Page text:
So originally this blog started with a reference to a prior post about my emotional breakdown at Blockbuster when they were all closing down…but then I went to look for the post and alas, I never wrote it. Sigh. In short: I was really bummed by the realization that movie stores are now a thing of the past. Sure, there’s redbox and netflix and hulu, but there’s something to be said for actually walking into a place, looking around aisles and aisles of movies, arguing with your husband over what you want to watch, finding nothing, and then walking out with something you’re kind of ok watching. And then having to physically return it so you don’t get charged late fees. Sounds less than glorious, but I kinda liked that experience. Knowing that future generations will never know what that’s like is kind of sad…and scary. Things are changing so quickly these days (I wonder if that’s how older generations felt also…).
Ok, now we can move on to this post. I’m having a similar emotional breakdown about Border’s closing down. One more down. It makes me wonder: how much longer until Barnes & Noble closes down? How much more after that until books are no longer published? Which just made me think back to Blockbuster…how much longer do you think DVD’s and Blue Ray’s will be around for? I wonder if it’s just a matter of time before all movies will only be available for download, online or directly through your cable provider.
There’s been talk for a while about the death of the publishing industry, and it honestly makes me sad. Indeed, the title of this blog is less than creative, since a simple google search of “death of books” or “death of bookstores” will come up with ample reading material (including this one, which is a great sentimental piece about the love and affinity of books, compared to e-books: “‘I wonder if anyone has ever cried while reading an e-book'”).
As great as I hear they are, the idea of reading on a Nook or Kindle just doesn’t cut it for me. I like having the actual book, I like being able to put it on my bookshelf when I’m done reading it. I like turning the pages. I like highlighting parts of it, and writing notes in the margins (yeah…I really do that). Jeff agrees with me on the sentimentality of having physical books to hold and turn pages to, but he also made a good point: in our day and age, we really shouldn’t be cutting down trees just to make books; it makes complete sense to move to electronic forms of publishing, which are cheaper and have less of a negative impact on the environment. He compared it to using gas as fuel for our cars: it’s something our society should be past already. Like one of the articles linked on this post mentioned (but I’m too lazy to find it, quote it and re-link it), I do understand the utility of e-books when traveling, or for large reference books, etc. I couldn’t agree more, but the idea of books someday being a “1984” thing of the past is scary. Kindle has actually taken all of the sentimentalities into their ad campaigns, and I think I hate them just a little bit for mocking my emotions:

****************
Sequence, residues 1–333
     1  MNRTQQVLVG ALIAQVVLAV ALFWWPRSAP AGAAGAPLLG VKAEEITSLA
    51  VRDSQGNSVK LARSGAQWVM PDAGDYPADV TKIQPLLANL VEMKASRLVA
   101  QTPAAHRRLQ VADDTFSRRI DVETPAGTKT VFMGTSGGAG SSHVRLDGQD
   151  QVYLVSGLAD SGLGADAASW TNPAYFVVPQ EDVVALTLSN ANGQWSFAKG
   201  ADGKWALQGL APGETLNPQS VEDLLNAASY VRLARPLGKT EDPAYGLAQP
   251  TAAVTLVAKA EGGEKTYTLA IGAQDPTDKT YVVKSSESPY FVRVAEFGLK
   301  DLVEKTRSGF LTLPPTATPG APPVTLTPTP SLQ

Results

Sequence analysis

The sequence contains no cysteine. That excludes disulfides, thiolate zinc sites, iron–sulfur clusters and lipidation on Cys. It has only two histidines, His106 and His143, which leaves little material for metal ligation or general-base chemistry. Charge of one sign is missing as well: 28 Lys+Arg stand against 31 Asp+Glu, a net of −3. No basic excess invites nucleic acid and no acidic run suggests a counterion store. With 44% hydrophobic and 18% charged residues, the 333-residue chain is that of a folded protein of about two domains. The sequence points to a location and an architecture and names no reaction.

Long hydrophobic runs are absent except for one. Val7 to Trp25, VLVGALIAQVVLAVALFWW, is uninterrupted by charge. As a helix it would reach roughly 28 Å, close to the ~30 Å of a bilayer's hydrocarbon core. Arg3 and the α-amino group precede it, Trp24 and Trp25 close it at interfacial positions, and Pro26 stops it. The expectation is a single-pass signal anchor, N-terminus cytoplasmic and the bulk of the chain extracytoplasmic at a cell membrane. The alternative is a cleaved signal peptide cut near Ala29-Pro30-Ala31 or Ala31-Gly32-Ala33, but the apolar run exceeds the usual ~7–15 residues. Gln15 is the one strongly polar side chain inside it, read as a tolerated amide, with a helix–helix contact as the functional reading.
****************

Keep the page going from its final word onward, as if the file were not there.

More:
As mentioned in the Huffington Post: “Electronic books may make rare texts available to the world and allow us to pack dozens of books in our carry-on bags, but they also single-handedly responsible for the decline of print publishing.” The whole article is actually a good read, and in closing expresses the sentiment which has keep me away from the closing sales at Borders: “Surrounded by red and hornet-yellow markdown tags, I couldn’t help but feel I wasn’t witnessing the death of a bookstore, but the slow, succumbing death of the book itself.” That was my exact thought when I heard of the closing of Borders. Books, in their entirety, will someday cease to exist. In someone else’s words: “…the idea of reading printed books will be a tiny boutique experience, not unlike collecting vinyl.”
I imagine that our kids are going to have all of their textbooks downloaded to their laptops. They won’t have to lug around heavy textbooks for French class or Algebra. They’ll just have their laptop with all their textbooks on there. Will libraries become nonexistent? I loved going to the library in elementary school and junior high. It’s sad to think that my kids will not experience that (although maybe they’ll be more normal than I was and just not like to read at that age), although I’m sure they’ll be replaced with other experiences that I didn’t have as a child. Who knows.
(Speaking of kids and reading and coolness. Jeff mentioned that he was listening to Kevin & Bean on KROQ the other day, and they were talking about the closing of Borders and how they basically couldn’t care less, because reading is stupid. For those not in the Southern California area…Kevin & Bean are morning DJ’s for an alternative radio station. They’re over forty…catering to high schoolers. Apparently there was only one guy on the show that talked about books in a positive light, and expressed his enjoyment of reading. The forty year old made fun of him for reading…and I couldn’t help but wonder if they just got stuck in the mind set of a high schooler who thinks that reading is lame, or they’re just pretending because that’s the age group that they’re catering to. Either way, I don’t think Jeff has been able to listen to them since, ha.)
Just like the era of movie stores being over…I sadly feel that the era of bookstores, and books for that matter, is quickly coming to an end. And I mourn our loss.